The Soul Of A Momma Whose Kids Are Grown Carries A Profound Ache


When you are a mom of adult kids who are off living a life of their own, a driveway full of cars is a sight to behold. A full driveway means a full house, and a full house means a full heart.

I made sure to capture this picture over the holidays when all three kids and my oldest son’s fiancé were home. My mom heart had some words to share about what it means to be an empty nester, and I figured this pic would be a good starting point.

The soul of a momma whose kids are grown carries a profound ache of loneliness.

I’m beginning to think that the word empty has nothing to do with nest and everything to do with our hearts. There really aren’t words to describe what it feels like when we find ourselves wandering around our house and realize only memories echo off the walls.

It’s definitely not a bad thing because we spend our entire motherhood lives preparing our kids to be independent. We want them to be successful, healthy, and able to support themselves and follow their dreams. Nothing brings us more joy than seeing them happy and walking in their own stride.

It’s also definitely not an easy thing because we spend our entire motherhood lives loving on our kids like there’s no tomorrow. Then tomorrow comes.

But there is hope for us.

As a mom of three in their 20s, the moments I can spend with my adult kids are filled with newfound treasures that I never anticipated. Being able to have adult conversations about life and hearing our grown-up kids share their perspectives on important topics is a gift. If we are mindful, the collateral beauty of these conversations goes a forever way to keep us company long after our kids leave home again.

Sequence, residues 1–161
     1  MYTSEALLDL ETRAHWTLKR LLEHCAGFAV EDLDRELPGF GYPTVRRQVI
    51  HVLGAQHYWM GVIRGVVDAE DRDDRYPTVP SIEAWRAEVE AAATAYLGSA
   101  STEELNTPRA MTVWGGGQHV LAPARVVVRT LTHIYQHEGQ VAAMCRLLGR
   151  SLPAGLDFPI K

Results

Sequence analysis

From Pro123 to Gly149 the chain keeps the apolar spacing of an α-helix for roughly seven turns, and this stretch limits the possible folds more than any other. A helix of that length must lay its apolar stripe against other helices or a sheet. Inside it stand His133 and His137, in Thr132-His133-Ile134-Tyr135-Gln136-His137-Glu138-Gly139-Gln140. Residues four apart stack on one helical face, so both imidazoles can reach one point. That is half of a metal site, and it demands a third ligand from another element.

For starters, I am enamored with who my children are becoming in a world full of so many challenges.

Listening to them share their hopes, concerns, solutions, and ideas inspires me. We have so much to learn from our adult kids if we are open and curious about seeing things from various vantage points. They are growing up in such a different world than we did at their age.

I’ve made it a point to be available to all three of my kids whenever they need me, and I’m always reaching out in big and small ways to keep the lines of communication open. Even if we are just sharing hilarious Snapchats or outrageous memes, it’s connection—and it fills the empty.

At the end of the day, I think we should never lose sight of the importance of the village.

I’m not talking about how it takes a village to raise a child, but rather it takes a village to care for the village. Especially a village of mommas of adult kids. We need one another. Maybe now more than ever because our worries and concerns are long, wide, far, and deep. The adage, little kids, little problems and big kids, big problems is spot on.

One is the loneliest number. So even if there’s only two of us leaning on each other, it makes life a bit easier.



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